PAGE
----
Many of those in the Labour party at the time feel that Red Wedge was a failure as they didn’t win the 1987 election. To what extent do you feel it had a wider impact on involving young people in politics and why? Nothing is wasted in nature. Red Wedge ‘failed’ in one way because it was expropriated by the bureaucratic LP machine which had limited electoral and ‘moderate’ aims. They blunted the radical feelings of young people and their aspirations. However, the ‘failure’ of Red Wedge was part of the wider political process. Kinnock had sold out the miner’s strike and the Liverpool Council battle and refused to back the LPYS School Student’s strikes in 1985/86 against compulsory YTS. Kinnock had alienated himself from the revolutionary youth and sections of the working class. He went on the expel many Militant activists and eventually closed down the LPYS. Red Wedge ‘failed’ because it was highjacked by the LP right wing.

The real failure, from the point of view of the Labour and trade union movement and the  youth, who desperately needed radical change was Kinnock. He used his quasi-left credentials to make the LP entirely safe for capitalism by expelling socialists, closing down the magnificent LPYS which was connecting with masses of young people. As a young man I considered Kinnock to be a vain clown who was too stupid to realise he was being played by the ruling class. He lost TWO general elections when the Tories were absolutely hated in working class communities. A complete failure for the movement but on a personal level he was rewarded by the ruling class with cushy well paid jobs in the EU and a seat in the House of Lords. I have not changed my opinion about Kinnock.


As the youth vote is incredibly low at the moment, do you feel something like Red Wedge could possibly enthral young people in this day and age and why? I am in favour of the youth today using their music and culture to further their political aims but THEY NEED TO BE IN CONTROL. The main lesson of the Red Wedge experience is for young people to hold onto their political and cultural independence. Young people are becoming radicalised again around the world and their music is playing a part. Look at Grime. We will have revolutionary music again which will inspire the movement and act as its soundtrack. My advice to the new generation is that the youth need to be autonomous and not allow ‘official’ political parties and careerist politicians and artists to expropriate their music and culture for reformist political aims.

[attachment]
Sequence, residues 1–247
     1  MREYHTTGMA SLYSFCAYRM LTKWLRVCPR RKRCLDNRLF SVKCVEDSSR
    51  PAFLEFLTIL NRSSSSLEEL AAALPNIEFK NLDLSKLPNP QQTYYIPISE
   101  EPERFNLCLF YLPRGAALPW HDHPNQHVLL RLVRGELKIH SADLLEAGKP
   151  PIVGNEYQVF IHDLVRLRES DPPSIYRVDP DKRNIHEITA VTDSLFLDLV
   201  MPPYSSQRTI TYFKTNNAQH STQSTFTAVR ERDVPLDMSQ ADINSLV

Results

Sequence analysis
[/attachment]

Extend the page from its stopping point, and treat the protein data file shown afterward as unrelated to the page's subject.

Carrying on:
Please feel free to share any other reflections you have on Red Wedge:
I consider Billy Bragg has the same relationship to genuine socialism as Bono and Geldof have to fighting world poverty. They have generated a lot of self publicity and promoted themselves and little else. The real fight to end poverty and in favour of socialism goes on…..

A couple of Facebook messages on Billy Bragg’s page:
“As I’ve mentioned previously Billy Bragg did the dirty on us over Red Wedge. The LPYS had promoted him during the miner’s strike and he did the YTURC lobby of parliament with Paul Weller.
Mandelson was appointed Director of Communications in 1985 and was a lot cleverer than Kinnock. They came up with the idea of RED WEDGE to sideline the LPYS but we fought it all the way.
I remember at a meeting with loads of celebs they pushed the idea that there should be no speeches at the gigs as young people ‘weren’t political.’ They also said the LPYS couldn’t be too prominent at the gigs.

Craig Charles (Red Dwarf) piped up: “Why don’t we get that Derek Hatton to speak? He’s dead popular in Liverpool.’ Shuffling of feet and looking at the floor…..
Paul Heaton of the Housemartins said he would participate in Red Wedge but only if they put ‘nationalisation of the music industry’ in the programme.
Bragg backed Kinnock on the issue and the rest was sell-out history……
Did you think at that time of youthful revolt you would soon be calling salt of the earth working class Socialists ‘extremists’ and suck up to Neil Kinnock and end up asking people to vote for the Lib Dems……? Asking for a friend Billy.”

Red Wedge: bringing Labour party politics to young music fans

Bragg: “Newcastle was heaven and hell. The best gig but the worst day. Right through the tour we had constant problems with the extremists, like our friends in the Young Socialists.”

General Election 2010: Billy Bragg pledges to support Liberal Democrats